Woodland Walk

a poem by
ROSE OLIVER | Nurse + Poet 


AFTER the forced hibernation of New England’s artic winter, the temperate Spring sun transforms the forest floor. I walk upon a lush emerald carpet, dotted with Violets and lacey Boston ferns.
Mushrooms tip their caps. Jack preaches in his tiny pulpit. Crocuses’ heads emerge from the dead leaves of winter. Tree tops wave their verdant fingertips.
There is a secret place in these woods known to but a few. Surrounded by tall granite walls is a large pool, a sort of lesser known Stonehenge. “Look closely,” I told the few I chose to introduce to my refuge. Tadpoles swam about in every stage of their life development. An evening visit rewarded us with the strong bass music of their elders.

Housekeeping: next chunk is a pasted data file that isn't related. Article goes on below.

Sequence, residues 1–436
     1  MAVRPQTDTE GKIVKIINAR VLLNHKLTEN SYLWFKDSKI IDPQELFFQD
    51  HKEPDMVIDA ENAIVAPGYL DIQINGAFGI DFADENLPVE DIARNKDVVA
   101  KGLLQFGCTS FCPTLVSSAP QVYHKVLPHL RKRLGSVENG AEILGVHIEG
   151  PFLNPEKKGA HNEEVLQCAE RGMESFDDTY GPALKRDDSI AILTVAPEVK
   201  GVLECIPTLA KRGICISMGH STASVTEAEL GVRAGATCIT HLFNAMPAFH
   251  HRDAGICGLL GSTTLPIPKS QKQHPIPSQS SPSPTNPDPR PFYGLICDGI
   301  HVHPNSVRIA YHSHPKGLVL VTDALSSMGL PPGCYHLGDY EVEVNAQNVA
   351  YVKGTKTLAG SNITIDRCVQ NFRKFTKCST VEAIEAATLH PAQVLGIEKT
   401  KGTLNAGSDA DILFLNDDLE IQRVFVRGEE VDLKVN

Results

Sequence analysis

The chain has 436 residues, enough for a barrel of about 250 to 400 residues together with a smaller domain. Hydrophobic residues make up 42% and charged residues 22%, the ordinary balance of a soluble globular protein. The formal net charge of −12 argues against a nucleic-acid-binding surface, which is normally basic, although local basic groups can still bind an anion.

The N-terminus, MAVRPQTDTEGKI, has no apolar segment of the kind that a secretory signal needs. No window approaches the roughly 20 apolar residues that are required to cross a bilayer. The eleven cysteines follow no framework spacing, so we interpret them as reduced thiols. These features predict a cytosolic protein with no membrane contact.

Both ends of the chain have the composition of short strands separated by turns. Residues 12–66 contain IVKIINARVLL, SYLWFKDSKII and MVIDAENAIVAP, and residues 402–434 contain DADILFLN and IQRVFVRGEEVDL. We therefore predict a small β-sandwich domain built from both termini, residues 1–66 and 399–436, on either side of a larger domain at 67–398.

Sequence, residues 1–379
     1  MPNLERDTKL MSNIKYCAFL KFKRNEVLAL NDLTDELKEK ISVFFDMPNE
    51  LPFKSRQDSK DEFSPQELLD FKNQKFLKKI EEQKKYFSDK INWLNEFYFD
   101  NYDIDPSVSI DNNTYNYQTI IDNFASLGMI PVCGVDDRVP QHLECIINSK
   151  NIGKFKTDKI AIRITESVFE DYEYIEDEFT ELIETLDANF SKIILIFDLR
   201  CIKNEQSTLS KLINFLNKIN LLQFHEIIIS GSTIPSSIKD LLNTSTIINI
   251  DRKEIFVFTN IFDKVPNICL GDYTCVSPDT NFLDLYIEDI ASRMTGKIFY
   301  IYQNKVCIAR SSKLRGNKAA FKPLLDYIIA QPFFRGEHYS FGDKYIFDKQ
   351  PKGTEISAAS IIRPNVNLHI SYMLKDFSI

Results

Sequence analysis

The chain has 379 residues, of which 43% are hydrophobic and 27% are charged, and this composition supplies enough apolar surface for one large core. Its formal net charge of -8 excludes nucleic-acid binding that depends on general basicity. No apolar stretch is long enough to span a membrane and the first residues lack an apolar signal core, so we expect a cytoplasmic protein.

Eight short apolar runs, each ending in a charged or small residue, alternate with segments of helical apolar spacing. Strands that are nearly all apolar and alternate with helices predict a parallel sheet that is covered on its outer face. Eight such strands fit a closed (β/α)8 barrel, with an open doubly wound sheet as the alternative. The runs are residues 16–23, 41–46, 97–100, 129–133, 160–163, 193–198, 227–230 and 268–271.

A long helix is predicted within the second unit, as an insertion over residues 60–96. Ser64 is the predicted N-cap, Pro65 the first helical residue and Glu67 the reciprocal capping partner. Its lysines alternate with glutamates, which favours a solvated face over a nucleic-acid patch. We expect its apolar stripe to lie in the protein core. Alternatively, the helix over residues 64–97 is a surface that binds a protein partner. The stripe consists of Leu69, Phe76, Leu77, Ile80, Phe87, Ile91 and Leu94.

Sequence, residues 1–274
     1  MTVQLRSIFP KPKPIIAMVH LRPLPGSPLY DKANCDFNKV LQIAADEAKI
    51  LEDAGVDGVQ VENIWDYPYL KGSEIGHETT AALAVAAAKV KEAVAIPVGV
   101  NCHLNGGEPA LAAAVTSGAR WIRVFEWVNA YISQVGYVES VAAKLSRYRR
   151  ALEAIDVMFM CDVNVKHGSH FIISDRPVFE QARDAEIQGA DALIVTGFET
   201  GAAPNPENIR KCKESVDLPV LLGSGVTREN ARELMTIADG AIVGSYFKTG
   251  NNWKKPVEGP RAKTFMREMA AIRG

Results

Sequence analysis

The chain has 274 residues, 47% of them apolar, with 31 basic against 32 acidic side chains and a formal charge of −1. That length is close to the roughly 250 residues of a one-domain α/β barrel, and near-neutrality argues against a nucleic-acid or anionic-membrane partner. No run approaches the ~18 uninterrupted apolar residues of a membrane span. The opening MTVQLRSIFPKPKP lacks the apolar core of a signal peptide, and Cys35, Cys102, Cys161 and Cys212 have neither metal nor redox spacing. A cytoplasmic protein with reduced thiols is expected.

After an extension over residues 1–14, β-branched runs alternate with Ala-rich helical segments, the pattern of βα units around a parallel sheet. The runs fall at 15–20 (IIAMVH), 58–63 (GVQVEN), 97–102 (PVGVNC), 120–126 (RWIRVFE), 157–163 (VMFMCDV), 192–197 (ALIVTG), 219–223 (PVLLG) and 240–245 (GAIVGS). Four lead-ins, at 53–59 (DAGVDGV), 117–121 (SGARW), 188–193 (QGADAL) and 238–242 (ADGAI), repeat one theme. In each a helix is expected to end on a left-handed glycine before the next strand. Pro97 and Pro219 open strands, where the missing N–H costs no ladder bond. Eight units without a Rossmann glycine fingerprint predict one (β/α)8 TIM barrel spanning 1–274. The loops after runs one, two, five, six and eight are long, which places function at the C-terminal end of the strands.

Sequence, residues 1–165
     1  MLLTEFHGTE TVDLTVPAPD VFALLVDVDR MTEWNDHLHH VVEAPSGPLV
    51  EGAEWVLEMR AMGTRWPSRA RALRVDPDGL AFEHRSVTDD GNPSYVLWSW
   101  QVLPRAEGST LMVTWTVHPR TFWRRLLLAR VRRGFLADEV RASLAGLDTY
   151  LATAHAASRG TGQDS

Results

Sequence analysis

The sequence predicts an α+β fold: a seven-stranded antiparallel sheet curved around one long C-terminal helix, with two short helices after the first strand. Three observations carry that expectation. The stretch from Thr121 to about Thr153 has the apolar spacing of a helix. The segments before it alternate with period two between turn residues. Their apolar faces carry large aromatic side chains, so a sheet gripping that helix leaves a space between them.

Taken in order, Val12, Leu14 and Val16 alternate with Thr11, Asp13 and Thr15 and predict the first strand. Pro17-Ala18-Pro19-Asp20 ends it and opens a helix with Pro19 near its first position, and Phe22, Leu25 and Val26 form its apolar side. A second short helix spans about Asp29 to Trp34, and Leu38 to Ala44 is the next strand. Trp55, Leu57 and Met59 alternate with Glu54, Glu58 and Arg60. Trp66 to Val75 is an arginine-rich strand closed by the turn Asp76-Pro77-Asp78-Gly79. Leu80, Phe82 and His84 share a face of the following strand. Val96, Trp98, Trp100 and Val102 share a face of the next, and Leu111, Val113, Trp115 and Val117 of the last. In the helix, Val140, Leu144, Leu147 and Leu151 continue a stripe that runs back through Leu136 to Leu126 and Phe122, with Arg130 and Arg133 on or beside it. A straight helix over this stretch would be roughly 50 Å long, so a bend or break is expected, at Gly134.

I love the daffodils, trumpeting Spring’s arrival. Crocuses raise their heads from the dead leaves of winter. Everywhere are tulips, those brilliant bee castles.
But it is the song of Spring I most love—those croakers, who always bring me back to that pool of new life.
Photograph by Mike Wilson
Rose Oliver
Rose Oliver is a retired psychiatric RN. She writes poetry, fiction, and memoir. When she is not writing, she can be found walking in her rural Massachusetts woods, observing the flora and fauna. She wakes early to write in the great quiet and solitude found before dawn. She gardens, creates jewelry, and bakes. Retirement has provided the time to write. Reading (she is voracious) provides the impetus and inspiration to write. Saul Bellow said, "Writers are readers amoved to emulation."